Advanced materials have applications in electric vehicles, aerostructures, wind energy, recycling, infrastructure such as America’s deteriorating bridges and more.
Editor’s Note: This opinion analysis by IACMI CEO Dale Brosius appeared in the Knoxville News Sentinel on June 1.
Since 2015, as part of an organization devoted to accelerating innovations in technology, materials and manufacturing, it’s been exciting to witness a true paradigm shift in Tennessee’s economic and technological landscape.
The multi-billion-dollar investments flowing into the state from global automakers like General Motors, Ford and Volkswagen for next-generation electric vehicle production will undoubtedly serve as an engine of our state’s economy for generations to come.
A less-heralded but important story is unfolding right here in East Tennessee: the Knoxville area is rapidly becoming an epicenter for innovations in advanced materials, most notably composites and carbon fiber, that have far-reaching promise for our economic future.
Today, there are more than 50 companies in our state that are operating on the cutting edge of research, development and deployment of advanced materials and their applications in electric vehicles, aerostructures, wind energy, recycling, infrastructure and more. The amazing growth in this arena has leading experts now referring to Eastern Tennessee as the Carbon Valley.
Seemingly small but important examples of Tennessee-led innovation in this area abound. This past year, for example, Morgan County commissioned a new vehicular bridge — built with a fiber-reinforced polymer composite deck — that could point the way to a more sustainable approach to rebuilding our nation’s crumbling infrastructure.
Knoxville’s Composites Application Group
Jeff McCay, CEO of the Knoxville-based Composite Applications Group, an IACMI member company, was at the center of it. McCay was aware of the benefits of a composite bridge, offering a better strength-to-weight ratio (90% lighter than concrete), faster and easier installation, resistance to corrosive elements and superior durability, with at least a 100-year lifespan. All that was needed was a real test case to prove this technology could be applied to the 150,000 deteriorating bridges across the United States. In 2021, McCay got his opportunity.
Through IACMI’s network, CAG partnered with the road superintendent from Tennessee’s Morgan County and about a dozen public-private organizations to replace a damaged decades-old concrete crossing with a 16-foot smart bridge. In less than a day, two 8-foot, pre-manufactured, composite bridge decks were installed with sensing equipment provided by Luna Innovations and embedded by University of Tennessee, Knoxville engineers and students to gain ongoing performance data. Taking the data gathered from this bridge, McCay has begun discussions with the departments of transportation in Tennessee and Georgia about renewing U.S. infrastructure by producing more of these small rural bridges throughout the Southeast.
The smart bridge is not the only example of how Knoxville-area innovators are reshaping the future. Material innovation that addresses the life cycle of composite products has also taken place in Carbon Valley and can been seen in Volkwagen’s Atlas SUV liftgate. With the help of IACMI members, Volkwagen developed a polymer composite solution that cut the liftgate’s weight by 35% at a cost equal to or lower than steel. IACMI members Carbon Rivers, UTK and Endeavor Composites developed a solution for recycling composite material at the end of its life. Commercialization efforts are going so well that Endeavor Composites expects to grow from a 10-person operation to over 100 in five years because of innovations like these.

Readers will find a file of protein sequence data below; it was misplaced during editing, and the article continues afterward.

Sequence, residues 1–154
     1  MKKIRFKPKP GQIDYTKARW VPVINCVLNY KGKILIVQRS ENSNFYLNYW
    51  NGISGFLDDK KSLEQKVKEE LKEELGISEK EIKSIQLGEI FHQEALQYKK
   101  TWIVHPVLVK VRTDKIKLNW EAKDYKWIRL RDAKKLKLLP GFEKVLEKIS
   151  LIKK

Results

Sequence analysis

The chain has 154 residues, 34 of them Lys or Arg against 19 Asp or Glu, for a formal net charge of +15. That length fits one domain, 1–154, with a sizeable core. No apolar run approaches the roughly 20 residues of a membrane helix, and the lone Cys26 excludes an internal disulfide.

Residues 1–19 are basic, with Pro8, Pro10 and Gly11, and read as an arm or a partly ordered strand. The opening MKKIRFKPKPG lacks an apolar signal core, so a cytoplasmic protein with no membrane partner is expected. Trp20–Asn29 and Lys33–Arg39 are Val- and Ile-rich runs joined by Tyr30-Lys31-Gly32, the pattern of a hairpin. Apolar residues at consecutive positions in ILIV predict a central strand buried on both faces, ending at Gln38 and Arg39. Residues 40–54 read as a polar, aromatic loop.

The role of the University of Tennessee and ORNL
For years, we’ve been setting the stage for how these dots connect in Carbon Valley, and now they’re coming together. This strategic vision for carbon fiber and composite manufacturing and recycling is exactly what IACMI and our core founding partners — the University of Tennessee and Oak Ridge National Laboratory — have been working towards. Connecting research development, world-renowned engineers, one-of-a-kind advanced materials facilities (the Department of Energy’s Manufacturing Demonstration Facility and the Carbon Fiber Technology Facility at ORNL) with the entrepreneurial spirit of dozens of local companies, IACMI and its member consortium are facilitating advances in infrastructure and transportation.
Big things, as they say, have little beginnings. As our state’s leaders consider policies to support the long-term health and prosperity of our economy, we hope they will take note of the incredible revolution in materials and manufacturing taking place here in East Tennessee’s Carbon Valley and its implications for our future as a leader in sustainable innovations on the global stage.
Dale Brosius is the chief executive officer and chief commercialization officer of the Institute for Advanced Composites Manufacturing Innovation headquartered in Knoxville. Established by the U.S. Department of Energy in 2015, IACMI – The Composites Institute is one of 16 Manufacturing USA innovation institutes created to secure U.S. global leadership in advanced manufacturing through large-scale public-private collaboration on technology, supply-chain and workforce development.